It was during a time when I had conflicts with my co-blind. Feeling depressed and angry, I went to him and told about it. After hearing all my sentiments and offensive words to the person whom I had a conflict with, He advised,”Be calm. Give time and let Jesus Christ work in you. In your heart.”

Upon hearing these, I suddenly kept quiet and waited for his next words. He continued saying, ”All those reactions coming from you right now are worldly behavior. If all of us will be like this, we won’t be honoring God. We should live as Jesus Christ did to the best that we can. If you don’t, you’ll worsen the situation. Keeping quiet doesn’t mean defeat, mostly you win.”

From that time, I became aware and I understood why he kept calm whenever he’s criticized and attacked. No need to be always defensive. No need to be offensive and react to every negative thing and words from other people.

Truly, my mentor is a blessing not just by name but also by deed.

My Most Treasured Rosary

Image of Ms. Maricris smiling and text.

It is undeniable that here in our country, we give so much importance to education. Our parents would always remind us how finishing school will have a great impact on our future. Of course, one of the important factors of a great education is the teacher. I’m sure that everyone here has their own story about their teachers, but for now, let me share mine.

In my early years as a student, I’m not really the type who actively participates in a class discussion. I just simply went to school for the sake of just being in school. It’s also a normal scene for me seeing my adviser having favorites in our class. And most of the time, it’s because of their overly-friendly parents who seemed giving gifts to our class adviser were a part of their monthly budget. But this all change in my 4th grade, when I met Ms. Rosario Rivera, our class adviser. At first, I thought she’s no different from the others until one day, she did something that those teachers never did. She called out my name, and asked my idea about the topic that we were discussing. Maybe you’re wondering what’s so special about it, but for me, this is something new. Aside from the fact that most of the known smart kids in our class had already given their answers, I’m already used to of being unnoticed so her action really took me by surprise. It made me feel that finally, a teacher saw me as one of her students and not just a part of her class. Shyly, I stood up and told her my answer. After hearing my thoughts, she complimented me and told the class that it was the answer that she’d been looking for. It was the first time that I had been acknowledged in my class and it felt remarkable. After that incident, I became more active in our class and gave more focus on my studies.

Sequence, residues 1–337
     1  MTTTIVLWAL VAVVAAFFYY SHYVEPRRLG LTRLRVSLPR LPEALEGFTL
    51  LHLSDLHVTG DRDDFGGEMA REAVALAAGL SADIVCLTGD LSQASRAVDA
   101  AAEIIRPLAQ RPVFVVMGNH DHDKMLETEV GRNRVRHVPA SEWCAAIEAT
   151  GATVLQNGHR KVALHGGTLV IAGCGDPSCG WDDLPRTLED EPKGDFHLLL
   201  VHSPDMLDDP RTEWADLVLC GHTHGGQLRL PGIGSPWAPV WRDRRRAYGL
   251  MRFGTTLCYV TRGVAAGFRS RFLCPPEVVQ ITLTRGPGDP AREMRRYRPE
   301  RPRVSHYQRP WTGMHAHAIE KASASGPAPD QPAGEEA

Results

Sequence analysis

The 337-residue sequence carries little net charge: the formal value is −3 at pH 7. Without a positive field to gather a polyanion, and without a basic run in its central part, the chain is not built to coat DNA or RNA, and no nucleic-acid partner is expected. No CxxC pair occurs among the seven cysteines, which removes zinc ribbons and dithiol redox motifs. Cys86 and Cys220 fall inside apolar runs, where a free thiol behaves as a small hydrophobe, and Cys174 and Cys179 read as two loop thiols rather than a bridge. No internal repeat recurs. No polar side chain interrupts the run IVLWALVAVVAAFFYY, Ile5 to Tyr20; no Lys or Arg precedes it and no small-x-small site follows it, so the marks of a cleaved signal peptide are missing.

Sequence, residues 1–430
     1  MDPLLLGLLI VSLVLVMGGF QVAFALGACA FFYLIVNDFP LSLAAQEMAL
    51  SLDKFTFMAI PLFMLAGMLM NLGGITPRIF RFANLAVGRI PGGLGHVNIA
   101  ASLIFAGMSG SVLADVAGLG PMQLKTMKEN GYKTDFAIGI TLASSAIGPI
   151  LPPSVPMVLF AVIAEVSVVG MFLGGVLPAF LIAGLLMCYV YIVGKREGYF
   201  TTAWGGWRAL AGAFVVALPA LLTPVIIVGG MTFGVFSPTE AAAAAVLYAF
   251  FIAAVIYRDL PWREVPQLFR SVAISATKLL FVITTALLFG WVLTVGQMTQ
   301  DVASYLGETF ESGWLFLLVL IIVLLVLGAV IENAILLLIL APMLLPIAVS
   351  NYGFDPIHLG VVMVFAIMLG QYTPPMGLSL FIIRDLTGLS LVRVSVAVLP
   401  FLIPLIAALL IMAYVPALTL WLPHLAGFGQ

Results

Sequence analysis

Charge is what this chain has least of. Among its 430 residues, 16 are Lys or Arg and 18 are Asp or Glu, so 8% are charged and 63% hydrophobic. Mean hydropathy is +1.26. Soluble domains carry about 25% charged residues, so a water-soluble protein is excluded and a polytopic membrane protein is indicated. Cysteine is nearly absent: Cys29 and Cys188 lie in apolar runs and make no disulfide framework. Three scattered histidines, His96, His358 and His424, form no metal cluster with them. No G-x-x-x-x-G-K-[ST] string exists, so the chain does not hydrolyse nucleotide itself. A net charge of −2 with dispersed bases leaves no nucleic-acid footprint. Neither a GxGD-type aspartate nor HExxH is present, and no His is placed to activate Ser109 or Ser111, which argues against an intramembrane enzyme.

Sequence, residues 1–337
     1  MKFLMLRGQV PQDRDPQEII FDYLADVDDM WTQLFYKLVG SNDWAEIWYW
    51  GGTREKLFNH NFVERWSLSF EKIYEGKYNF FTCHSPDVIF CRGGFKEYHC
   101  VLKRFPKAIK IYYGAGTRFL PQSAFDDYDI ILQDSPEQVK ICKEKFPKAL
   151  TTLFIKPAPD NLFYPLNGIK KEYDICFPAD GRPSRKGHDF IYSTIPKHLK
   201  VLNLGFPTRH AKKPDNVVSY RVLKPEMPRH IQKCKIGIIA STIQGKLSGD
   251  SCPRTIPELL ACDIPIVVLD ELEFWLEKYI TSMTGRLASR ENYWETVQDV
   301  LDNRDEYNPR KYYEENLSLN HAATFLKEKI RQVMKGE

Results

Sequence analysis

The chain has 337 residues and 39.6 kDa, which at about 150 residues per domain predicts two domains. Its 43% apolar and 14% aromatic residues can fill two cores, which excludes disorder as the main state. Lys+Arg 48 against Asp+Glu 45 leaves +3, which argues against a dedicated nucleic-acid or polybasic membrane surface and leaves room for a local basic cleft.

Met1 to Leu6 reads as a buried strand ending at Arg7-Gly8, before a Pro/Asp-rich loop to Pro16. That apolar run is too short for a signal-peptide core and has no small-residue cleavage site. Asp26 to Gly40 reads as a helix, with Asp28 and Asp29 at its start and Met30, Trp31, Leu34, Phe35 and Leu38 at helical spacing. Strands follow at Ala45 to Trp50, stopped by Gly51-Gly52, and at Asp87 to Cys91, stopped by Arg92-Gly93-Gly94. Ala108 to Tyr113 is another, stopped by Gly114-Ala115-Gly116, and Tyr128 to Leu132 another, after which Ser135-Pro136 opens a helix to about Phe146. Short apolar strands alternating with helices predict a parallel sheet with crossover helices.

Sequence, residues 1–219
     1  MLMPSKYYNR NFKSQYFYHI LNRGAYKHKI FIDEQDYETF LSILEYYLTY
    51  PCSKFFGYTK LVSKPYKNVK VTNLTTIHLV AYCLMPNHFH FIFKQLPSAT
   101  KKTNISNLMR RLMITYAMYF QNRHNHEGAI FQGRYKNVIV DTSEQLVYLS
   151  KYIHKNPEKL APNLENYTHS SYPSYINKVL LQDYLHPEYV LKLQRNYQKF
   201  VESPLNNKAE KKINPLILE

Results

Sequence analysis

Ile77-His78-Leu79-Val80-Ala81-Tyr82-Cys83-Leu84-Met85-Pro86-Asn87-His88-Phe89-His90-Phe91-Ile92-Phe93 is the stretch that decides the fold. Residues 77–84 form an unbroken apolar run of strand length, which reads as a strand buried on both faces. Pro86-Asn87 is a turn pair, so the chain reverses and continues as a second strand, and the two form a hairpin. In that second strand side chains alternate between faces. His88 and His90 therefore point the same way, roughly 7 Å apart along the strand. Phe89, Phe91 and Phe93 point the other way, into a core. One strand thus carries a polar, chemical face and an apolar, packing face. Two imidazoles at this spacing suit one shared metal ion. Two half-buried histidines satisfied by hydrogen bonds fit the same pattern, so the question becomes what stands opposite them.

Looking back, I realized that Ms. Rivera had not only affected me on that day but from that day onwards. Just like her name “Rosario”, she has been like a rosary to me that guides me. If not for her, maybe I’m still the same timid girl that I used to be. Maybe I’m still afraid of trusting myself. Maybe I’m not even here to where I am now. That’s why I’m so thankful to her. Thankful for her being different. Thankful for her helping me see my abilities and lastly, thankful for her being an exceptional teacher of mine.

My Small & Wengcredible Teacher

Image of Mr. Remir and Ms. Rowena

Charles F. Glassman once said, “A genuine teacher does not seek to impress you with their greatness, but instead to impress upon you that you possess the skills to discover your own”

Amidst the excitement and shrills of the crowd, this thought came to mind.

I was inside a jam-packed auditorium, not for anything else, but to watch the ALTA Media Icon Awards – the awarding of the students’ choice personalities in the field of television, radio, movies, social media, and music, featuring four short life documentaries, which included mine.

Just before my story was played on the video wall, one of the awardees for tv, dedicated his trophy to all the teachers. It was World Teacher’s Day that Friday. Then, it dawned me…

Oh my…. How could I ever forget the teacher who changed my life? The same person why my story is being featured that time!

Rowena Gregorio-Morta, now concurrent Communication Arts Department head and ALTACOMM Manager, wasn’t just an ordinary teacher to me. She was first my Editor-in-Chief when I joined the student publication. The same person who gave me the baptism of fire to write sports – where I was not good at, back in High School campus journalism. How could I forget it – running after the varsity team, waking up early in the morning to jog with them. My sports assignment actually made me sign up for the track and field team.